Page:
“The only thing we have to fear is fear itself.” — Franklin D. Roosevelt’s first inaugural address (3/4/33)
If there is one thing Americas know how to do — and we do it well — is fear monger. Whether it is the media or our government, even we as individuals, all sell fear like it’s going out of style.
The government, specifically our elected officials, seems to enjoy spreading the word about impending disasters — preaching fear is a control mechanism. In the last decade, thanks to our politicians and public officials, we feared the technological fallout that was to occur with Y2K; the terrorist threat level has loomed on imminent since the nightmare of 9/11; and the stock market collapse in 2008 over-sensationalized an economic meltdown.
The media is no better. It runs with headlines that send shivers down the readers’ spines. The news is then spread with lightning speed to out-of-the-loop family members, friends and colleagues; and before you know it, America and its ordinary people are on a sinking ship with no way to be saved. Truth be told, our ship has endured some major damage in the past, but it’s not as if we are on the Titanic.
On Monday, news spread like wildfire about the Dow Jones Industrial Average taking a sharp dive by 600 points after one rating agency lowered the U.S. credit rating. Images of stock brokers with their hands covering their faces in displays of sheer sadness and dismay spread across the country. News sites and bloggers posted stories with rapid speed about a downfall in our country’s already slow economic recovery. Surely, this had to be bad for all of us. But then, of course, Tuesday happened. The Dow Jones was up 439 points and the overall outlook was approaching positive. As local economist Bill Watkins tells the Reporter this week (see News on page 6), “I am not sure why the rating changed and had the impact it has. Everything is the same, there isn’t real news there.”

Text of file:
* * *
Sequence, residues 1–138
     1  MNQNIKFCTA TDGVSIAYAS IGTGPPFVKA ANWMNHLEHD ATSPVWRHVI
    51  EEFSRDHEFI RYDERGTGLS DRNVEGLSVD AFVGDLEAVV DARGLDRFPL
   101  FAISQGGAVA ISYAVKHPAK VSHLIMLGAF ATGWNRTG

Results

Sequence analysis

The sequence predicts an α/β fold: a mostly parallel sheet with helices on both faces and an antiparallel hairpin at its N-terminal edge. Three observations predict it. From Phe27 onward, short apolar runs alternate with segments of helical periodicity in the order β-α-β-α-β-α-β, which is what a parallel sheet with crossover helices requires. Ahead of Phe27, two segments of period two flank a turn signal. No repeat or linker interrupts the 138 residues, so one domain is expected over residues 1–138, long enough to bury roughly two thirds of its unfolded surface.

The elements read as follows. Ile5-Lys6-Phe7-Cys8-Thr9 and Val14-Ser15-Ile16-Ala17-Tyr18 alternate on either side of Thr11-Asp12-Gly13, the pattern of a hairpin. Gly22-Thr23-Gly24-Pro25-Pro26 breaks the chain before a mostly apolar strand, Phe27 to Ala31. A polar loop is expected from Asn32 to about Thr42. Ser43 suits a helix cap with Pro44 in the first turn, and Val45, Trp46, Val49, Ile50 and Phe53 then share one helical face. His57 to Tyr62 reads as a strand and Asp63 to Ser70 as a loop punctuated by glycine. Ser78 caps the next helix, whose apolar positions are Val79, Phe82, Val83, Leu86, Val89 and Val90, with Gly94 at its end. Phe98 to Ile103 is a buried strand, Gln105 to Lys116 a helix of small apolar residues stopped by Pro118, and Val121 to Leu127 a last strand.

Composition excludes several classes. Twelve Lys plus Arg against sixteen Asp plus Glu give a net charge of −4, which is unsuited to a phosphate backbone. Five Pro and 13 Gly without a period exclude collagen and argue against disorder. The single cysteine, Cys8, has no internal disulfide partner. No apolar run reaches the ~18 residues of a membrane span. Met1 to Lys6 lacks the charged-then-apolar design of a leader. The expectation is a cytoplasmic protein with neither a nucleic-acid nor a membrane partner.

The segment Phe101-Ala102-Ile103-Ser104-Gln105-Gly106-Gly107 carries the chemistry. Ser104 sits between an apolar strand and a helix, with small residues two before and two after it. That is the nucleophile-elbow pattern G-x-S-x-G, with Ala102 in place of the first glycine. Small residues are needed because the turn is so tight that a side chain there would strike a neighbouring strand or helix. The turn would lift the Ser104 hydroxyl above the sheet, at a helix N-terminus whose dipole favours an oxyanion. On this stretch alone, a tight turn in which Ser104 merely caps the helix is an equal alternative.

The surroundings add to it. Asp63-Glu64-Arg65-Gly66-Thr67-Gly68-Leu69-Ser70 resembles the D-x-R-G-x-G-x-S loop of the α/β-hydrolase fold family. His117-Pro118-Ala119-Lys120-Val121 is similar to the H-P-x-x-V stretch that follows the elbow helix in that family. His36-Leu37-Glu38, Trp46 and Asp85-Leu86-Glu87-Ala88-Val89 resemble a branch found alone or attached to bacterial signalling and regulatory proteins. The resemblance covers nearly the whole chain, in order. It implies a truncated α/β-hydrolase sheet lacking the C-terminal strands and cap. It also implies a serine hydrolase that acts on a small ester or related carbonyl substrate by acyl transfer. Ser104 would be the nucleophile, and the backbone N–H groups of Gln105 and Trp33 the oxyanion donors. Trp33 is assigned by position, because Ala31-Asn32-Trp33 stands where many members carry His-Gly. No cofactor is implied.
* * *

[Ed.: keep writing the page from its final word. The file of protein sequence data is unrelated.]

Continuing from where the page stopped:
As our grandparents remember, recovering from an economic downfall is no easy task. It took a decade and a world war to recover from the stock market crash of 1929. While we may not be getting into a world war any time soon, we must realize that this is going to take time and we must let some time elapse before we start to panic. We, for the most part, are an educated country and have the ability to learn a lot from the past. There is a bigger picture here that we are losing sight of: we are all in this together. Let’s stop the fear mongering and get focused on making this country great, once again.